Brenner v. Scott
(Consolidated with Grimsley and Albu v. Scott)
On September 4, three defendants in this federal case seeking the freedom to marry in Florida filed an appeal to the United States Court of Appeals for the 11th Circuit.
On November 5, a federal judge denied a request to alter the stay in this ruling, meaning that there is still a stay in effect until January 5, 2015. The state of Florida filed their brief to the 11th Circuit Court of Appeals on November 14, 2014, noting plans to request an extension of the stay from the 11th Circuit.
On August 21, 2014, U.S. District Court Judge Robert Hinkle ruled in favor of the freedom to marry and respect for marriages legally performed between same-sex couples in other states in these two consolidated federal marriage cases. The ruling is stayed, although Judge Hinkle also ordered Florida to issue a new death certificate to Arlene Goldberg, whose partner of 47 years, Carol Goldwasser, passed away this year.
Grimsley and Albu v. Scott was filed by the American Civil Liberties Union of Florida on March 13, 2014 on behalf of SAVE, an LGBT organization in Miami and eight married same-sex couples seeking respect for their marriages legally performed in other states. Brenner v. Scott was filed by private counsel on March 6, 2014 on behalf of a same-sex couple who married in Canada and now live in Tallahassee. The couple is seeking legal respect in Florida for their marriage license, and have named Gov. Rick Scott and FL Attorney General Bondi in their lawsuit.
On April 30, the ACLU of Florida filed a motion for preliminary injunction asking the court to immediately stop enforcing laws barring legal respect for marriages between same-sex couples, adding a recently-widowed Ft. Myers woman, Arlene Goldberg, as a plaintiff in the lawsuit.
The ACLU explained, "Arlene’s primary income is her Social Security payment; Carol, who had previously been the toll facilities director for Lee County, had a higher Social Security payment than Arlene. For purposes of determining marital status, Social Security looks to the state of residence, and since Florida does not recognize their marriage, Arlene cannot collect her spouse’s Social Security payments as other widows do. The resulting financial hardship will jeopardize Arlene’s ability to continue to support Carol’s parents."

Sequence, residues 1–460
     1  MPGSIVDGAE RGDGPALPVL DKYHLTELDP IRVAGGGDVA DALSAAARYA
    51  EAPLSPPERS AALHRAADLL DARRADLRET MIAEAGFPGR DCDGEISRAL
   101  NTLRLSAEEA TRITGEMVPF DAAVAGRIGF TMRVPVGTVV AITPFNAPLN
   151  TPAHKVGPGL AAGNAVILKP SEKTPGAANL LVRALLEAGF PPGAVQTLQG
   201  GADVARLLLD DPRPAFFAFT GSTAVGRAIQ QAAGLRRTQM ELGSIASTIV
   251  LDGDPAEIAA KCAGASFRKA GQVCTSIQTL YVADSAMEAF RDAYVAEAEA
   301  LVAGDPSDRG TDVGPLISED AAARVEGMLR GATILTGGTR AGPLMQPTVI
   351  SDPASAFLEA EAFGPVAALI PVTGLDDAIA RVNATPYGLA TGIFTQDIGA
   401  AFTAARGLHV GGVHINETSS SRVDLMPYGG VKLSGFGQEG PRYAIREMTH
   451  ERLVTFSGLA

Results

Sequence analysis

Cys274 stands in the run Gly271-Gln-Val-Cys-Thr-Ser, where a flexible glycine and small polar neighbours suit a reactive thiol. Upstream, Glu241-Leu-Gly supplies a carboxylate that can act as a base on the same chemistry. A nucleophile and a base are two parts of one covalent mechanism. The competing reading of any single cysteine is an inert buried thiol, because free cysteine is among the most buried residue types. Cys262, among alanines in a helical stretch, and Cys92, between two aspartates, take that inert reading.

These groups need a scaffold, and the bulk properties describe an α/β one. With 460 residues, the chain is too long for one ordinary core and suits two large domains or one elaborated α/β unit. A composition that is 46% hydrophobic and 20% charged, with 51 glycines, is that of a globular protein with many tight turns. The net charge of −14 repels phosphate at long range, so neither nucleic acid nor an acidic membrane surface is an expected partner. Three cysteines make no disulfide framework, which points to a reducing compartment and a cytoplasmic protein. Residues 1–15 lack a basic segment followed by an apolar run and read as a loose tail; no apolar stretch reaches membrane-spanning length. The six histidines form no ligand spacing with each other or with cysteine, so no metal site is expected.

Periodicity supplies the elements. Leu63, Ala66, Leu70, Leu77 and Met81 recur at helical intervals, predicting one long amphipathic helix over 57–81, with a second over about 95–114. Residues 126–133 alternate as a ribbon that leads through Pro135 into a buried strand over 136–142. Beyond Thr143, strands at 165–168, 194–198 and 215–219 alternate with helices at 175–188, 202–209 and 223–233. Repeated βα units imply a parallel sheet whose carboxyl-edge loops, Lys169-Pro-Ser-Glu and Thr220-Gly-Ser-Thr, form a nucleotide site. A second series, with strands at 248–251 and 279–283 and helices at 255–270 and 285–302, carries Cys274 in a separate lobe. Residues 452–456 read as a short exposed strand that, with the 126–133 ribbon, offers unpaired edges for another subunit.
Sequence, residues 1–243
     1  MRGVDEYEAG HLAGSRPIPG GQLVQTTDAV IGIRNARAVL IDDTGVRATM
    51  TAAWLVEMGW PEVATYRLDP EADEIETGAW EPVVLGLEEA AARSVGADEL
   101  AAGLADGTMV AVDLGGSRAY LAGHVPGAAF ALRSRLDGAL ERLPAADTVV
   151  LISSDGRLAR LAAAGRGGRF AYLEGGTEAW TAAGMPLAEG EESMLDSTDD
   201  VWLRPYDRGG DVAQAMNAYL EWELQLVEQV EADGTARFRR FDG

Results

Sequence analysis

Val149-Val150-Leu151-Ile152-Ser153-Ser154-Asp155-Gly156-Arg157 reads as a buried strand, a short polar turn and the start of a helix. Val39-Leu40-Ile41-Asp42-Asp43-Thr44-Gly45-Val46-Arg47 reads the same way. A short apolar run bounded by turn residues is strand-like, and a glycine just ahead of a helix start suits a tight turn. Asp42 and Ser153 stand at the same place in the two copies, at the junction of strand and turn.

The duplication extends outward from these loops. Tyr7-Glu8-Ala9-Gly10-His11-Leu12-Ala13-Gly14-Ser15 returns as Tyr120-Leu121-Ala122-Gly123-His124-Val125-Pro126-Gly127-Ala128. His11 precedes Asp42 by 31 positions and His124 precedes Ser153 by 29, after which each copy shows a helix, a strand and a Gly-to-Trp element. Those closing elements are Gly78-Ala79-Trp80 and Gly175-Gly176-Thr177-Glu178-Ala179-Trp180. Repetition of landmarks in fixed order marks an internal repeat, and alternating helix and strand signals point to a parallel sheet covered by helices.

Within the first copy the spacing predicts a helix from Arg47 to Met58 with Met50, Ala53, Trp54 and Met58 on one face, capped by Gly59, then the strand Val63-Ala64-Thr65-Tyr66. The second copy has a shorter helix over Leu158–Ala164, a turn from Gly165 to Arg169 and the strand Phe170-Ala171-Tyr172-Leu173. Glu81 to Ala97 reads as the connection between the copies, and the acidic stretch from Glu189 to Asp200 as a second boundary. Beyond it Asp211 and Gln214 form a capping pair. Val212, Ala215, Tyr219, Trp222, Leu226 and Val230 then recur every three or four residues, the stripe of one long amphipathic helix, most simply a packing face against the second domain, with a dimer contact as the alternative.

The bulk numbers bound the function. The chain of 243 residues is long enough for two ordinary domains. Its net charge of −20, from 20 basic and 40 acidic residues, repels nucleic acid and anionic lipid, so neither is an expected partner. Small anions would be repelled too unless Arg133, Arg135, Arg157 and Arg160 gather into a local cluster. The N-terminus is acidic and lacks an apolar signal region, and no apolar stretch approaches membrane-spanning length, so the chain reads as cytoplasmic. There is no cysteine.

The lead plaintiffs in Grimsley are Sloan Grimsley and Joyce Albu, who work as a firefighter and a consultant assisting parents of children with developmental disorders, respectively. The women have been together for nine years, married in New York in 2011, and are raising a 2-year-old child together. The plaintiffs are James Brenner and Charles Jones, who married in Canada in September 2009 and have been together since 1988. Brenner works for the Florida Forest Service and Jones is employed by the state's Department of Education.
Huntsman v. Heavilin
On July 17, Chief Circuit Judge Luis Garcia struck down Florida's ban on marriage for same-sex couples in state court, ordering the Monroe County Clerk to stop enforcing Florida's anti-marriage constitutional amendment, saying that marriage licenses should begin being issued in Monroe County on July 22. For now, the ruling only applies to Monroe County and does not require the state of Florida to respect the marriages of same-sex couples legally performed in other states.
Florida Attorney General Pam Bondi appealed shortly after the decision, which immediately resulted in a stay on the ruling. The next step is the Florida 3rd Circuit Court of Appeals.
On April 2, 2014, private lawyers filed this lawsuit on behalf of a same-sex couple seeking to marry in Florida. The men, who live and work in Key West, have been together for over a decade, and when they were denied a marriage license in Monroe County, they filed their case.
The plaintiffs are Aaron Huntsman and William Lee Jones, who are celebrating their 11th anniversary this year. Upon filing their case, the men said, "I really feel Monroe County — Key West — if it's going to be done anywhere, it’s going to be done here. We have a history. It's a little more open. We’re going to change it here." Read their full story HERE.
On July 7, a circuit judge heard oral arguments in this state case with federal claims.
Pareto v. Ruvin
On July 25, 2014, Miami-Dade Circuit Judge Sarah Zabel struck down Florida's ban on marriage for same-sex couples in state court, ordering the Miami-Dade County Clerk to stop enforcing Florida's anti-marriage constitutional amendment, saying that same-sex couples should be able to receive marriage licenses in Miami-Dade County. Florida Attorney General Pam Bondi appealed shortly after the decision, which immediately resulted in a stay on the ruling. The next step is the Florida 3rd Circuit Court of Appeals.
On January 21, 2014, the National Center for Lesbian Rights and the Equality Florida Institute filed a lawsuit in state court with federal claims on behalf of six same-sex couples seeking the freedom to marry in Florida. The lawsuit argues that laws in Florida that restrict marriage to different-sex couples violate the United States Constitution's commitment to equal protection under the law.
The plaintiffs hail from Miami and the surrounding area. They include: Catherina Pareto and Karla Arguello, together for 14 years and raising a young son; Dr. Juan Carlos Rodriguez and David Price, together for 18 years and raising young twins; Vanessa and Melanie Alenier, together for 8 years and raising a child; Todd and Jeff Delmay, together for 11 years and raising a young son; Summer Greene and Pamela Faerber, grandparents who have been together for 25 years; and Don Price Johnston and Jorge Isaias Diaz, who recently got engaged.
Oral arguments in the case were heard on July 2, 2014 by Miami-Dade Circuit Judge Sarah Zabel.
Brassner v. Lade